Steps to Take if Experiencing Sexual Harassment in the Workplace


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In 2017, the #Metoo movement swept through the U.S. bringing a fresh focus on sexual harassment in workplaces, but protections were in place before that. In the late 1980’s, the Supreme Court interpreted Title VII of the Civil Rights Act of 1964 to include discrimination based on “sex” as sexual harassment in the workplace. The law recognizing sexual harassment as a form of sex discrimination applies to private employers with 15 or more employees, as well as government and labor organizations.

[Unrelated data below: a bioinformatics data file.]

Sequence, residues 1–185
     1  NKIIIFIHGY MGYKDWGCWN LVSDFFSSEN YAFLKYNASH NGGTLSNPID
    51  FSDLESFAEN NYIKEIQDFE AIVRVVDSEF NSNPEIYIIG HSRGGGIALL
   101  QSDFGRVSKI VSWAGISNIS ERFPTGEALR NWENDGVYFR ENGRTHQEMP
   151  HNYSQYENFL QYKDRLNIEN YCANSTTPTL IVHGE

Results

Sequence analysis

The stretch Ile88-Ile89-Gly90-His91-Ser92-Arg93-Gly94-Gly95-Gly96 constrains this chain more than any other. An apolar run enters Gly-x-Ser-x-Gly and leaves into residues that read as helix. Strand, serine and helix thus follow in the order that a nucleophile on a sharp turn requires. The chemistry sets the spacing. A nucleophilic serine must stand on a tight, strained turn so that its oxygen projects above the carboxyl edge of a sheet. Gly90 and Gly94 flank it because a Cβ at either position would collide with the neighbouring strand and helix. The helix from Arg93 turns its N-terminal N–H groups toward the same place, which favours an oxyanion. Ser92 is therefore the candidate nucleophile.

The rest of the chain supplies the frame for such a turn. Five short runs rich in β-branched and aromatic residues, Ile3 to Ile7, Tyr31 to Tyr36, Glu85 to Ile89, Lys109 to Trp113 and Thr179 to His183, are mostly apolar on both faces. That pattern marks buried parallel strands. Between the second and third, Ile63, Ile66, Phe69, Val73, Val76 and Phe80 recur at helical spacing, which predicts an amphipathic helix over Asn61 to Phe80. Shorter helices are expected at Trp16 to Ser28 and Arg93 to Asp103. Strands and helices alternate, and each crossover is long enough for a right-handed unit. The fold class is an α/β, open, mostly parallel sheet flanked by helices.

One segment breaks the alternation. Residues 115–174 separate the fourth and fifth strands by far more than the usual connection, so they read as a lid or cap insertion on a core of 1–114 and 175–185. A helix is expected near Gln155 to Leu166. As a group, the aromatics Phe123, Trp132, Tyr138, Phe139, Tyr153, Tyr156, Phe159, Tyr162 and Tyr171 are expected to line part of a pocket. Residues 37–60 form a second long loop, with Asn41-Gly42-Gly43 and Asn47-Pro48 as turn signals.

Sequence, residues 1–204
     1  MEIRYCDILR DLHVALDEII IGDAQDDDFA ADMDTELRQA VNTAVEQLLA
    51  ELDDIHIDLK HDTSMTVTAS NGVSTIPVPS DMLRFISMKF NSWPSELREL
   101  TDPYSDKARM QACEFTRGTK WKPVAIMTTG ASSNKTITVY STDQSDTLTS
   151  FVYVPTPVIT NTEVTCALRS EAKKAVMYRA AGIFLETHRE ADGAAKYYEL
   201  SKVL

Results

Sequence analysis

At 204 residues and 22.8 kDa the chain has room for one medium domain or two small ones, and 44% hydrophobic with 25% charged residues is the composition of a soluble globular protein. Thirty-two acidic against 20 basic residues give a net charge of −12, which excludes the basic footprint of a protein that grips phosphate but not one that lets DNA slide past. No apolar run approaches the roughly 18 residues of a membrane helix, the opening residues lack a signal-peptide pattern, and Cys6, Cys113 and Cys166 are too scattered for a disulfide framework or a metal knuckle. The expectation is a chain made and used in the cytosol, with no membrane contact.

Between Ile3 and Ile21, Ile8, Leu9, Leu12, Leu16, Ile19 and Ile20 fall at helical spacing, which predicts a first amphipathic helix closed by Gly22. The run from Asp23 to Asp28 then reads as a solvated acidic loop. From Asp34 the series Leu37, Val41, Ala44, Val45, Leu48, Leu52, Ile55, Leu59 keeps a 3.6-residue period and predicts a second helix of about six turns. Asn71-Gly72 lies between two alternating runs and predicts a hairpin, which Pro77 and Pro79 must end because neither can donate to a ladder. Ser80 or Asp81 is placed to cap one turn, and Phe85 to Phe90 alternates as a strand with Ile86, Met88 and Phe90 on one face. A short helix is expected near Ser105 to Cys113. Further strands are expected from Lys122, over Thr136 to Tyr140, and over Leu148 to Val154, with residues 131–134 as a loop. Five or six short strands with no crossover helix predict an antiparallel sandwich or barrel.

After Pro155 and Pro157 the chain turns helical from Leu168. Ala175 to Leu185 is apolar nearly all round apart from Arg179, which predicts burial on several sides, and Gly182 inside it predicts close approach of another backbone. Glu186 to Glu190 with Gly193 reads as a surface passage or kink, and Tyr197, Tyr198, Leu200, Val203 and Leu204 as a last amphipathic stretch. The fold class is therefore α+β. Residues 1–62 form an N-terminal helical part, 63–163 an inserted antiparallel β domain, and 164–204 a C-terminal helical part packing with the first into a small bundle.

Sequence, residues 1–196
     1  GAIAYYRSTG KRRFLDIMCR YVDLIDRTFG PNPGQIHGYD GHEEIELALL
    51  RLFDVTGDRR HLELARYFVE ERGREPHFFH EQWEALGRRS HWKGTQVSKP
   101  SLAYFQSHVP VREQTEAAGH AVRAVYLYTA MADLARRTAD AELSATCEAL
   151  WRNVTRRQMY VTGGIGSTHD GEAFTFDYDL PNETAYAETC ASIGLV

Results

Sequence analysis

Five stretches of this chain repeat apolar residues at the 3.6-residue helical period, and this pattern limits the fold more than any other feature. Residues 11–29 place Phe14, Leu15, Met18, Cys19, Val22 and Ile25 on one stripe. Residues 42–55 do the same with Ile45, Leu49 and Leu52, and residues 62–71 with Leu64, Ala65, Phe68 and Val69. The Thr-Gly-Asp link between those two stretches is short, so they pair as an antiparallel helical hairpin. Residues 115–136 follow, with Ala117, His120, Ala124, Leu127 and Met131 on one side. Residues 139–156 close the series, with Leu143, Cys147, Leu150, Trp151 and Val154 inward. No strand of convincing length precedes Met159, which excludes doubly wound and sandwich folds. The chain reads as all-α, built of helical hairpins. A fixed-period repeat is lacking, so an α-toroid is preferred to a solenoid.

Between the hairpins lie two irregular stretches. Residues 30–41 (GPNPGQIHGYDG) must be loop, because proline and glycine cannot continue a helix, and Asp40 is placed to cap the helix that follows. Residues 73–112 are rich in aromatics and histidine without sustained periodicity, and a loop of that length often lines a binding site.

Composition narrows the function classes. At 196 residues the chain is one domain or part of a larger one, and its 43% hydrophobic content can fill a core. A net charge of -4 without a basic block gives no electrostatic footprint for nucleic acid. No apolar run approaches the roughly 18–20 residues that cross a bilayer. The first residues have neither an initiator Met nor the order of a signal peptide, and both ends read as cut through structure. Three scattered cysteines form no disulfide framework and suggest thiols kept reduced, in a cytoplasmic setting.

Sexual harassment can occur in a variety of ways, according to the U.S. Equal Employment Opportunity Commission (EEOC):

  • The victim, as well as the harasser, may be a woman or a man. The victim does not have to be of the opposite sex from the harasser.
  • The harasser may be the victim’s supervisor, an agent of the employer, a supervisor in another area, a co-worker or a nonemployee, such as a vendor or customer.
  • The victim does not have to be the person harassed but could be anyone affected by the offensive conduct.
  • Unlawful sexual harassment may occur without economic injury to or discharge of the victim.
  • The harasser’s conduct must be unwelcome.
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